Raleigh Ranked Second Best-Performing Big City in the Nation

    by CLC Staff

    As our faithful readers are well-aware, we are never shy around here about trumpeting North Carolina’s seeming omnipresence on the top-tier of virtually every list that gauges economic and business success. Whether it’s the Tar Heel state ranking #1 in the nation for women in the tech sector, #1 in the nation for business, or even #1 for turkey production, North Carolina is on a decade-long winning streak.

    The latest accolades come to our fair capital city and stomping grounds. On the heels of Business Insider rating Raleigh the 13th most livable city in the country, Raleigh was ranked by the Milken Institute as the second best-performing big city in the nation for the best mix of jobs, compensation, and affordability — moving up one spot from #3 in 2023. The city of Austin, Texas snagged this year’s top spot.

    The group’s annual “Best-Performing Cities” (BPC) rankings analyze 403 of the nation’s metropolitan areas, dividing them into 200 large and 203 small cities. They are then evaluated within three broad categories that cover labor market performance, high-tech impact, and access to economic opportunities using 13 indicators. They are then categorized into five tiers, with Tier 1 being the highest-ranked cities and Tier 5 being the lowest-ranked cities. This year, the report looked at data collected between January 2022 and August 2023.

    There were only 11 large cities in the entire nation that were classified as Tier 1, and North Carolina has two of them. In addition to Raleigh there is Charlotte, which came in at an impressive #10 in the nation.

    From the Milken report:

    Raleigh, NC, gains one spot from last year, ranking among the top 20 best-performing metro areas for the 12th year in a row. Raleigh’s high position is bolstered by its performance on wage, job, and high-tech concentration measures, as well as its strong position on all other metrics in the BPC ranking. Indeed, Raleigh places in the top quartile of every indicator on the index. The area has managed to attract high-tech firms and high-quality talent, driven by its proximity to three major universities located in Raleigh and the neighboring Durham-Chapel Hill metro areas: North Carolina State University, Duke University, and the University of North Carolina at Chapel Hill.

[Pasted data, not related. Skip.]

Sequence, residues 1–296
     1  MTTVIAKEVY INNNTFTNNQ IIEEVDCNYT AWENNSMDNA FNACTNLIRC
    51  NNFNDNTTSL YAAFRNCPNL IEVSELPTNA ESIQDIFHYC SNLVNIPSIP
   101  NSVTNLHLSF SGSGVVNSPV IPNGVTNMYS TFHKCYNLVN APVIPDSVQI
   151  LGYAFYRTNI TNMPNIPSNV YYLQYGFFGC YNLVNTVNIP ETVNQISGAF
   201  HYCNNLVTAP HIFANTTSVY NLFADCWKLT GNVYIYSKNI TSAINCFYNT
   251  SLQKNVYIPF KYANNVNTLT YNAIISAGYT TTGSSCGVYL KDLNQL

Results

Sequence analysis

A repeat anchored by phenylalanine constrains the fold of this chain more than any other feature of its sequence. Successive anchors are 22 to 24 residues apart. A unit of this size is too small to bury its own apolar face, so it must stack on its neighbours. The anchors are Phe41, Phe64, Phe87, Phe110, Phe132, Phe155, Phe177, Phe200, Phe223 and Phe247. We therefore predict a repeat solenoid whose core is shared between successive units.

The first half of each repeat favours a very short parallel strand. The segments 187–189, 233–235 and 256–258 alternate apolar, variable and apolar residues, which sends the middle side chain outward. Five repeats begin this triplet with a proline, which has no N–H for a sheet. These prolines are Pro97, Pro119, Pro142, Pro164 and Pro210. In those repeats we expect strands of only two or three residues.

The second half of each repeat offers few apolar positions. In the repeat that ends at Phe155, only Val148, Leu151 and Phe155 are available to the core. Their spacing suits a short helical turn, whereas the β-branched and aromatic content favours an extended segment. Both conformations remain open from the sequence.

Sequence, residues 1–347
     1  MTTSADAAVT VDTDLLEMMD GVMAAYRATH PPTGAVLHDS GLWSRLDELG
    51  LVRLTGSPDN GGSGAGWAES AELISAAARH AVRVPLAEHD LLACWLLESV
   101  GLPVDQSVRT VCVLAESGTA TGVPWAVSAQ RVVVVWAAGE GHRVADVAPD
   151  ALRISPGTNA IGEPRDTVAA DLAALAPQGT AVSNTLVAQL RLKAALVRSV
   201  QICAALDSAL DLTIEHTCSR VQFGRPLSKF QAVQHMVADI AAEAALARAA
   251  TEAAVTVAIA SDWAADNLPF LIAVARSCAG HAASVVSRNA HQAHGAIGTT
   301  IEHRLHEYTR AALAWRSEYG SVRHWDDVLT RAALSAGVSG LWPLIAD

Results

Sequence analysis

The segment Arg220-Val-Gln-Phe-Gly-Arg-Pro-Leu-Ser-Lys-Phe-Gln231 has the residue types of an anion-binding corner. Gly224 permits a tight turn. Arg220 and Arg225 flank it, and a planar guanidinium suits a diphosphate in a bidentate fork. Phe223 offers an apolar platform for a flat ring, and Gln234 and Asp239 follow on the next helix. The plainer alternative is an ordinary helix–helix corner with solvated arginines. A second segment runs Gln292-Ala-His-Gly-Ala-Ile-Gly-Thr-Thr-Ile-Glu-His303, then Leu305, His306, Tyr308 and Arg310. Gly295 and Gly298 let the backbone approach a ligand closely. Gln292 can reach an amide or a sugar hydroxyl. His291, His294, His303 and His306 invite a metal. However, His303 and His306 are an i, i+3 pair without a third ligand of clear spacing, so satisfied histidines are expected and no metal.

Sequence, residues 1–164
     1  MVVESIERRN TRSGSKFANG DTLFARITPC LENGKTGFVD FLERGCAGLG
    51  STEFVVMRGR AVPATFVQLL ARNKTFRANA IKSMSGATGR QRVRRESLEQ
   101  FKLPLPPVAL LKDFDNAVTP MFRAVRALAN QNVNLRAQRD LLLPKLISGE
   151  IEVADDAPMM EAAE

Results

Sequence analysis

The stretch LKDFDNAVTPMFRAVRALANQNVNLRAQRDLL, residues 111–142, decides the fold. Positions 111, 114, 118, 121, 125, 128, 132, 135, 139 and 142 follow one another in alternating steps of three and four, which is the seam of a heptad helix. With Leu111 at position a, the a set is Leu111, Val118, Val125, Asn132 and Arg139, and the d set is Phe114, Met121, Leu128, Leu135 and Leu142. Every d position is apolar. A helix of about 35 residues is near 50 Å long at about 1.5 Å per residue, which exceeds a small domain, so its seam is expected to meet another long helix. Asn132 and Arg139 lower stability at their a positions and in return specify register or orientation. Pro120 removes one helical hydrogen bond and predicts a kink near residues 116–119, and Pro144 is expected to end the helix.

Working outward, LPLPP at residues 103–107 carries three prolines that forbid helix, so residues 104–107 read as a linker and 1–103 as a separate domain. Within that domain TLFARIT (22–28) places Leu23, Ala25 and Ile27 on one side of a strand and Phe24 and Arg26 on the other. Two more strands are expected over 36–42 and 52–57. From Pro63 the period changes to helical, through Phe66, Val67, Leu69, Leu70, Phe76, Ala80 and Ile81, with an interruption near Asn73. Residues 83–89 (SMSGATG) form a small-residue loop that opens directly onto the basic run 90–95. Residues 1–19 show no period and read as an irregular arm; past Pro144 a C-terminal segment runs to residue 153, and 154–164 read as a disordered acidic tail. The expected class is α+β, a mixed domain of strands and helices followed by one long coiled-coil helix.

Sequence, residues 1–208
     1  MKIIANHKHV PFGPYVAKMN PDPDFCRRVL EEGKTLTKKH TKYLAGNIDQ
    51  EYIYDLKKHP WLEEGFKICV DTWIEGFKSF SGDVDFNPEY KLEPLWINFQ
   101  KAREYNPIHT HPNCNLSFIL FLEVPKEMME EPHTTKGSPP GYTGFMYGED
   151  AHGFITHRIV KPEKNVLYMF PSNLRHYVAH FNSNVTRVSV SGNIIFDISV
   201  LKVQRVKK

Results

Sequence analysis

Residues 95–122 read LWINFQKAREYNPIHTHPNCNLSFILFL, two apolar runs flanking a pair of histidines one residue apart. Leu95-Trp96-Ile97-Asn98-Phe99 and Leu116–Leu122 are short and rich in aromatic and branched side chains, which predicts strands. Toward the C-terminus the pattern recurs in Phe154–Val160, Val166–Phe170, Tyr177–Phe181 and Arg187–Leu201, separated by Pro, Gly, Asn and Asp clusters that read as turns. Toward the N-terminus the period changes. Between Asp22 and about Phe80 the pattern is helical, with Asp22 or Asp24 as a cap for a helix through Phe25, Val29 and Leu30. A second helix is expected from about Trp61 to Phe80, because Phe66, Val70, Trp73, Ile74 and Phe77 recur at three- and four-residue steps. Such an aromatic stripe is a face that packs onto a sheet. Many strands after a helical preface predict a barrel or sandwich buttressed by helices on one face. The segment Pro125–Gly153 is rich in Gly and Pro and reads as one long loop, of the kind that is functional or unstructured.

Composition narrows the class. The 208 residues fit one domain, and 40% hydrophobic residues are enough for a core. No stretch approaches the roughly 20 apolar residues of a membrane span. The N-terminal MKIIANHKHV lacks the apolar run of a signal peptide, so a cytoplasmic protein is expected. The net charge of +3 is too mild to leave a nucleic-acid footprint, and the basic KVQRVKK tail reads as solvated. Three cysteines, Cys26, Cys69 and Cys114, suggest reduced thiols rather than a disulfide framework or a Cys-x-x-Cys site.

Between 2021 and 2022, two segments of Raleigh’s economy stood out as drivers of its job and wage growth: business and professional services and leisure and hospitality. With several industry groups classified as high-tech, growth of the business and professional services sector has provided the Raleigh area with a reliable increase in high-wage jobs. In fact, business and professional services jobs have grown by 83 percent in Raleigh since 2017. However, the segment of Raleigh’s economy with the largest one-year wage and job growth is leisure and hospitality, with its employment bouncing back to nearly pre-pandemic levels by the end of 2022. During 2022, the 17.8 million visitors to Raleigh spent $2.9 million, exceeding expenditures in 2018 and 2019, and indicating a close to full rebound for its broader tourism industry.

    Raleigh also stands out among Tier 1 cities for its performance on access to economic opportunities indicators, such as housing costs and broadband, because it is the only Tier 1 large city to rank in the top quartile on both metrics. Building on the post-pandemic construction boom, the Raleigh metro has prioritized housing projects, ranking 12th among all US cities for new apartment construction. Nonetheless, Raleigh still needs at least 17,000 more housing units to meet demand in 2023, according to a report by Zillow. Whether new construction can keep pace with the demand for housing will play a large role in determining Raleigh’s status as a best-performing city moving forward. But with low economic inequality (38th in the Gini index), high resilience (23rd in resilient households), and rising access to broadband (36th), Raleigh is on track to maintain its top spot in the ranking.

    It should be noted that it is not, strictly speaking, cities themselves that are being analyzed in this report, but rather the Metropolitan Statistical Area in which the city sits. Metropolitan statistical areas (MSA) are delineated by the U.S. Office of Management and Budget (OMB) as having at least one urbanized area with a minimum population of 50,000. Metropolitan areas are reviewed and possibly redefined after each decennial Census. North Carolina has 44 Metropolitan Statistical areas.

    One may download a PDF of the Milken Institute’s report here. There is also a nifty interactive version here.